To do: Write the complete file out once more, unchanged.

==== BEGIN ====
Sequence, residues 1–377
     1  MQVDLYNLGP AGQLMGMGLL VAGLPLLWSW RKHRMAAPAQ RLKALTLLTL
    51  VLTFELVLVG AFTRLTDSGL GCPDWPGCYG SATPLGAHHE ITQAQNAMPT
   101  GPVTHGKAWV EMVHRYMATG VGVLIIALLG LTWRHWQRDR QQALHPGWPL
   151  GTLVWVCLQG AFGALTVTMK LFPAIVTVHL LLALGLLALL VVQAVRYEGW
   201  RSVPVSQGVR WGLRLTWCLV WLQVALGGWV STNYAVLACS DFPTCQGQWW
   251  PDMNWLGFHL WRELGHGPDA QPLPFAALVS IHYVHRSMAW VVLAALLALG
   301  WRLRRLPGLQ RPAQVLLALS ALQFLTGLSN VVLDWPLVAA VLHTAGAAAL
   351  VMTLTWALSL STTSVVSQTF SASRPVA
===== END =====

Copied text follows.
Sequence, residues 1–377
     1  MQVDLYNLGP AGQLMGMGLL VAGLPLLWSW RKHRMAAPAQ RLKALTLLTL
    51  VLTFELVLVG AFTRLTDSGL GCPDWPGCYG SATPLGAHHE ITQAQNAMPT
   101  GPVTHGKAWV EMVHRYMATG VGVLIIALLG LTWRHWQRDR QQALHPGWPL
   151  GTLVWVCLQG AFGALTVTMK LFPAIVTVHL LLALGLLALL VVQAVRYEGW
   201  RSVPVSQGVR WGLRLTWCLV WLQVALGGWV STNYAVLACS DFPTCQGQWW
   251  PDMNWLGFHL WRELGHGPDA QPLPFAALVS IHYVHRSMAW VVLAALLALG
   301  WRLRRLPGLQ RPAQVLLALS ALQFLTGLSN VVLDWPLVAA VLHTAGAAAL
   351  VMTLTWALSL STTSVVSQTF SASRPVA